It can be inferred negatively as well, in that Purim was not considered a religious feast of the Jews (it would be akin to the 4th of July, in a very stretched metaphor), and that it is unlikely that, due to the climate in Palestine in early March, that the sick persons by the pool would be lying in the open air.
The final arguments against the feast being Purim lie in the narrative itself. As Jesus performs the sign on the Sabbath, for which the religious take exception to Him, and the feast of Purim cannot be celebrated on the Sabbath.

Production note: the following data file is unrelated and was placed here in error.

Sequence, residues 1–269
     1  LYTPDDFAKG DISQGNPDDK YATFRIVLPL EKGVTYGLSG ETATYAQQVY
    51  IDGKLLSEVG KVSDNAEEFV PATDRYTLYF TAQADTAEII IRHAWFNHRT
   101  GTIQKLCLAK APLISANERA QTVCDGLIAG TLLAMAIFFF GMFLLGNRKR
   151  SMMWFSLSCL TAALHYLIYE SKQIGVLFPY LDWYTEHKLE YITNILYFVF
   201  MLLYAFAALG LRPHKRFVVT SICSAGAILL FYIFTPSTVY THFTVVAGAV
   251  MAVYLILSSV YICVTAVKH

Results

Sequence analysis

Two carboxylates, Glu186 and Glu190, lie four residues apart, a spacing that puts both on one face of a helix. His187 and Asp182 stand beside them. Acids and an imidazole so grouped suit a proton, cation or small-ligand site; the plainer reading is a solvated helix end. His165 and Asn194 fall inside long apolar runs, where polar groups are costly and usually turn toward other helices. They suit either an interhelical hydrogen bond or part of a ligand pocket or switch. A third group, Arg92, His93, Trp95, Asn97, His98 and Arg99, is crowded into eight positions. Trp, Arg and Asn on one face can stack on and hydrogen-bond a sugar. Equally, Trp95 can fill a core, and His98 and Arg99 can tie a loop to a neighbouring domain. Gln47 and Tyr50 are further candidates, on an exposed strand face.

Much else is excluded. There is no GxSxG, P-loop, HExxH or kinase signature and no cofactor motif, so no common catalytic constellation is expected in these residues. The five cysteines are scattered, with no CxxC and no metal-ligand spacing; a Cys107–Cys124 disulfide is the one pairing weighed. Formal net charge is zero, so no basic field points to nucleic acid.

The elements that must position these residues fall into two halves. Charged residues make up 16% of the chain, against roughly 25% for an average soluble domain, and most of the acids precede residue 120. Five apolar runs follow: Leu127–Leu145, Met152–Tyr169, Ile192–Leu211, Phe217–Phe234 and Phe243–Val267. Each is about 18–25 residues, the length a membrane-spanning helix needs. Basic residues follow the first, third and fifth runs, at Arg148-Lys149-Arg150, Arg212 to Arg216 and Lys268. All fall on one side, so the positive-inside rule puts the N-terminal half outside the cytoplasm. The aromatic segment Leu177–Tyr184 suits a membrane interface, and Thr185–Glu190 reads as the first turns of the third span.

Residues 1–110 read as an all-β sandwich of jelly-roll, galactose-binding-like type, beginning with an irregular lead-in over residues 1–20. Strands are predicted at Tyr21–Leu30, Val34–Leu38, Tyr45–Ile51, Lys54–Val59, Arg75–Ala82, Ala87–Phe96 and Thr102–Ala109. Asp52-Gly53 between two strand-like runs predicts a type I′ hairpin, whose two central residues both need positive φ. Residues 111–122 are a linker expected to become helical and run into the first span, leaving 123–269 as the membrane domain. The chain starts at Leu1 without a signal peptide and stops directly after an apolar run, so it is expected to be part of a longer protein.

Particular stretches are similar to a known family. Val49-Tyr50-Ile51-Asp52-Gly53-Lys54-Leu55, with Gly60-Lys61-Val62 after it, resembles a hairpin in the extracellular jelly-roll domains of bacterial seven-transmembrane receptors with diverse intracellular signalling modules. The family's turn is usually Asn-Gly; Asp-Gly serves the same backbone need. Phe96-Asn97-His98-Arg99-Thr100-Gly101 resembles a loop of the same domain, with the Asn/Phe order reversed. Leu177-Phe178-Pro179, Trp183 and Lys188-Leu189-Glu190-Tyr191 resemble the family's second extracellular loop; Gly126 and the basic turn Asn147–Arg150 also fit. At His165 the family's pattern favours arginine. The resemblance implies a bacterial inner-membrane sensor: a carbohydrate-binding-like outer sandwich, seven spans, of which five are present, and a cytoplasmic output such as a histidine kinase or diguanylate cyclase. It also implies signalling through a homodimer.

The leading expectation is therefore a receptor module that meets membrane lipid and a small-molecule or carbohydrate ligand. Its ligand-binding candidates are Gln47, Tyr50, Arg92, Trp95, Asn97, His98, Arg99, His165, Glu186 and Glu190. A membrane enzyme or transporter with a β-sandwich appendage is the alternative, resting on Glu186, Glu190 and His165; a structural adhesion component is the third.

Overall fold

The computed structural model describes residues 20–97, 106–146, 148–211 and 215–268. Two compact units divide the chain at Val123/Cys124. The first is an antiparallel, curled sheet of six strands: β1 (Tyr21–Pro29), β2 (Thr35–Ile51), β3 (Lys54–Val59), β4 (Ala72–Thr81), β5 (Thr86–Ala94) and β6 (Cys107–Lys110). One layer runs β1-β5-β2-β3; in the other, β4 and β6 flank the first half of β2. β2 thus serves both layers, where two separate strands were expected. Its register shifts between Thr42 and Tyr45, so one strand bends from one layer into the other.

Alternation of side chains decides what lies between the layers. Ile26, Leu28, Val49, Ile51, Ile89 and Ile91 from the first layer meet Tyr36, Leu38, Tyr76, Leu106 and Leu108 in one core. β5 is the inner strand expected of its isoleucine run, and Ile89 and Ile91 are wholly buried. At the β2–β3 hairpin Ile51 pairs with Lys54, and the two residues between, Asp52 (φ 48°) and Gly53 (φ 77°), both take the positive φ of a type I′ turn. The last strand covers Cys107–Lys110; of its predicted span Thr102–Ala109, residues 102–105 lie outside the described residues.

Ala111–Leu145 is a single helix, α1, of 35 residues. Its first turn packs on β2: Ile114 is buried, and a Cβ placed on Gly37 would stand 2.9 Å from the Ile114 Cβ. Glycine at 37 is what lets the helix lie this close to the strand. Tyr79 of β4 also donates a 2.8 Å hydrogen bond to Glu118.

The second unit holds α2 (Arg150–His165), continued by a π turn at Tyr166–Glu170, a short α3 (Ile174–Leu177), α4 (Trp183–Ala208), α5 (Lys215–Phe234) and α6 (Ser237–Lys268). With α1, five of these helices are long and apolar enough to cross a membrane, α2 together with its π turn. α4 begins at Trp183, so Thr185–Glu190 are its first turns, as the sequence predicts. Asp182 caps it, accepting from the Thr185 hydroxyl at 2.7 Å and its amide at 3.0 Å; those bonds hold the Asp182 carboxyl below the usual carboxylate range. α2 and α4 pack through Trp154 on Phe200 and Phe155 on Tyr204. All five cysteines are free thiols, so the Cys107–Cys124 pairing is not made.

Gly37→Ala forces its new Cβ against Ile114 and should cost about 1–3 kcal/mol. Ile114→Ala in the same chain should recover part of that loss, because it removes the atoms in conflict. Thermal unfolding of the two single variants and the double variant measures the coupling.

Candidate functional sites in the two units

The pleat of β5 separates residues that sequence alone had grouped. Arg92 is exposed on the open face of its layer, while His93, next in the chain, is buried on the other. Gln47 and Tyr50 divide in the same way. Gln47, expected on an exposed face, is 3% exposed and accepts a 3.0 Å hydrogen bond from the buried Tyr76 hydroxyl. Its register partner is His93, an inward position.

The greater question, perhaps, is why did John, who meticulously recorded the name of the other Jewish feasts in his gospel, omit the name of this particular feast? For an answer, as well as beautiful insight into the importance of John, we turn to Dr. William Milligan in the “International Lesson Commentary”, who is here quoted in Volume III–John of B.W. Johnson’s “The New Testament Commentary,”